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The Primary Care Gap - And A Solution

Posted By AONP, Friday, June 3, 2016

The Primary Care Gap – And A Solution

 

Nurse practitioners have always helped patients receive care more easily. Today, there is a growing gap between the number of patients who need primary care and the number and availability of primary care providers. Many patients are waiting longer than they should to receive care due to inaccessibility to primary care physicians.

 

Often, physicians decide in medical school to specialize. This has left a gap in the primary care setting and has presented an opportunity for advanced practice nurses. Although the advanced practice degrees include specialty pathways the most common are family and pediatrics.

 

The simplest and most obvious way nurse practitioners have been a part of the solution has been availability. Michelle Ellenburg M.S.N., R.N. with St. Anthony Hospital. “We definitely have quicker access. Everyone can get in to see a nurse practitioner eventually. I’ve had a handful of patients who have been referred to me from the E.R., who have had no primary care provider. One lady was diagnosed with diabetes while in the hospital. She had no access to any care, and she came in and saw me. We got her tools to monitor her diabetes, and in the last 6 months we’ve gotten her diabetes really under control!”

 

Many times the sheer speed of receiving care can make a significant impact. “When patients like her are able to get in to see me in the first couple of days after her hospital visit, I think that makes the difference. When people get big diagnoses like that, and on top of it you tell them, ‘these are the lifestyle changes you have to make’, it’s a bigger impact when you are able to tell them immediately after their diagnosis.”

 

We have already seen the impact of nurse practitioners on the health care systems of rural areas. Michelle Ellenburg had quite a few friends that she graduated with at the University of Oklahoma who were from rural areas and all went back to their own communities. “Just talking with them briefly since then, you can tell that they’re really busy. I’m getting busy, but I’m in the city, and there are a lot of care providers to see. They’ve all been crazy busy because there are so many people that need health care who haven’t been able to receive it before. Or their patients were driving long distances to receive care, and now they are able to get care in their own communities. Nurse practitioners are definitely filling that gap.”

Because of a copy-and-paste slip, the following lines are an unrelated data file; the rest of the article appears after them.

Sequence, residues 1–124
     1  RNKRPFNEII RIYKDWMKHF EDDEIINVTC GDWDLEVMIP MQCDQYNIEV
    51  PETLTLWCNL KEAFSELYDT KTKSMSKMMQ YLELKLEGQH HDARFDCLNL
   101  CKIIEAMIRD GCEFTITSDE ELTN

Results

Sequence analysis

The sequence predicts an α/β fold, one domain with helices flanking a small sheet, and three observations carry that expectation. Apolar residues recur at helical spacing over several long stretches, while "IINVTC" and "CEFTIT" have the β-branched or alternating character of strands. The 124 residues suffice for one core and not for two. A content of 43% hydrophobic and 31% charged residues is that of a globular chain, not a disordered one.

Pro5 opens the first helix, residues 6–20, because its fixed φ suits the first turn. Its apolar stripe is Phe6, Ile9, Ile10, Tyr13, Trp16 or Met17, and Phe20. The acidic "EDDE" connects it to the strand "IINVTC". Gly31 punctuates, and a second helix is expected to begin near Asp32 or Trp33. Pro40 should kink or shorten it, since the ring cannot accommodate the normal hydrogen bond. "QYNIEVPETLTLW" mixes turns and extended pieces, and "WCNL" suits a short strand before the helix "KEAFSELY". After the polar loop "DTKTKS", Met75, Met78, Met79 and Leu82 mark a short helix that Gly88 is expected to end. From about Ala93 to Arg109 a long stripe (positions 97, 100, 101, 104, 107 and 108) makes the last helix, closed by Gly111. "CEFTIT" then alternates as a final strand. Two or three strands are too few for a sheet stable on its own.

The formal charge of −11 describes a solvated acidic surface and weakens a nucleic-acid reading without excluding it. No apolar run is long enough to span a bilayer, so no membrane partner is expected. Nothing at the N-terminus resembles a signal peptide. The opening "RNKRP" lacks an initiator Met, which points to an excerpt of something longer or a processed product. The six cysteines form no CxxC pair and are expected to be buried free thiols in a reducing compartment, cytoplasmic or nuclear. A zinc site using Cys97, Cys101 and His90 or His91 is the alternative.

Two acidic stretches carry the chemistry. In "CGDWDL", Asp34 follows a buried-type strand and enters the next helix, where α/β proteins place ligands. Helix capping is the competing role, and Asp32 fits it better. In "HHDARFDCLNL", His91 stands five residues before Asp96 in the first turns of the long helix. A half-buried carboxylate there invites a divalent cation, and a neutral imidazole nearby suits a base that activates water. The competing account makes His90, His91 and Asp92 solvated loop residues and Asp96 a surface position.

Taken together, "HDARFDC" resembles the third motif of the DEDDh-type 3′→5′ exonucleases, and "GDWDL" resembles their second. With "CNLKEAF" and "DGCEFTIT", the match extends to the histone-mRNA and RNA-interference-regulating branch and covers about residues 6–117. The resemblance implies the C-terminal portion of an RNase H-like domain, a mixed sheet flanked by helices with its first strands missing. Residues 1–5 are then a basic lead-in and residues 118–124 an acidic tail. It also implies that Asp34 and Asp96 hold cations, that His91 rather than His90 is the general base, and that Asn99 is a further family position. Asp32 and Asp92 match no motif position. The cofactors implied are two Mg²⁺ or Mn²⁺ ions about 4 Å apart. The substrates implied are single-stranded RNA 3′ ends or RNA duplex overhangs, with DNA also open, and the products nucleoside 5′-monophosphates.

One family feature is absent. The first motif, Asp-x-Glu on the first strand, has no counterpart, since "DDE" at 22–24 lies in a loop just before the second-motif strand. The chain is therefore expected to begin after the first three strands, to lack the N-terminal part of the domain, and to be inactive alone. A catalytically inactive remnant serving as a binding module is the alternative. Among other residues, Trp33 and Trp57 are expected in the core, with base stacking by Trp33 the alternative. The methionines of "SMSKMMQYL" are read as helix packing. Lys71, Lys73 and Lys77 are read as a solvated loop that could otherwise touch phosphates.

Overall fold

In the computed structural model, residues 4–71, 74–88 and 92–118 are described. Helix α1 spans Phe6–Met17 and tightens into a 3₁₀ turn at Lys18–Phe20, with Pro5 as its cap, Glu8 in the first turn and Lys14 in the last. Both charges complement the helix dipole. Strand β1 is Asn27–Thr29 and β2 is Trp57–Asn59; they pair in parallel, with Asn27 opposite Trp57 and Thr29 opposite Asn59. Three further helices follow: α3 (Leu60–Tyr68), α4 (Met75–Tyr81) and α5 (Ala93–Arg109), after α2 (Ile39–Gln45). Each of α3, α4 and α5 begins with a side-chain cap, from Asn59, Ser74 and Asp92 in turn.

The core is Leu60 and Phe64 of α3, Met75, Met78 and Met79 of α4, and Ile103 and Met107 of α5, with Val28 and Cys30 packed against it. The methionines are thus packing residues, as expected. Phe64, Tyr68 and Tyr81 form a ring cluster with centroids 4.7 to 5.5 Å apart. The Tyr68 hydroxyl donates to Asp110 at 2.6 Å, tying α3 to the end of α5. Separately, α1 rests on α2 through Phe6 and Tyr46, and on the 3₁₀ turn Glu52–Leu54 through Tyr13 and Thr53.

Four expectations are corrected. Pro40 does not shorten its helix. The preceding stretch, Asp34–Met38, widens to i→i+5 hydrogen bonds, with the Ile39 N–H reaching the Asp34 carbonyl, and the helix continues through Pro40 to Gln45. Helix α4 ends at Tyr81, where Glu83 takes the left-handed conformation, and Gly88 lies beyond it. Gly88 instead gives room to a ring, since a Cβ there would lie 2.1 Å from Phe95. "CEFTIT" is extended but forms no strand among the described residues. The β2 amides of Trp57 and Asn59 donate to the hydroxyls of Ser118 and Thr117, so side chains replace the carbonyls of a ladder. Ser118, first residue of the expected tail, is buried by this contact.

Not only are nurse practitioners more available, but also their bedside manner is impressive. “Nurse practitioners are great, specifically more holistic… we spend more time getting to know you and understand why you make the decisions you’re making. Like maybe you can’t afford your blood pressure medication, so we do a good job of help people getting resources like that, so I think we’re awesome. Almost all of my patients say, ‘You know, it’s so nice to feel like I’m heard’. I feel like I’ve heard that a lot lately. That is because, you know, I worked along the bedside, and I was trained as a nurse, and that’s just usually our mannerisms.”

 

Nurse practitioners are more available, uniquely qualified and carefully trained in bedside patient care. As health care advances across the country, nurse practitioners will continue to play a vital role in primary care.

 

 

 

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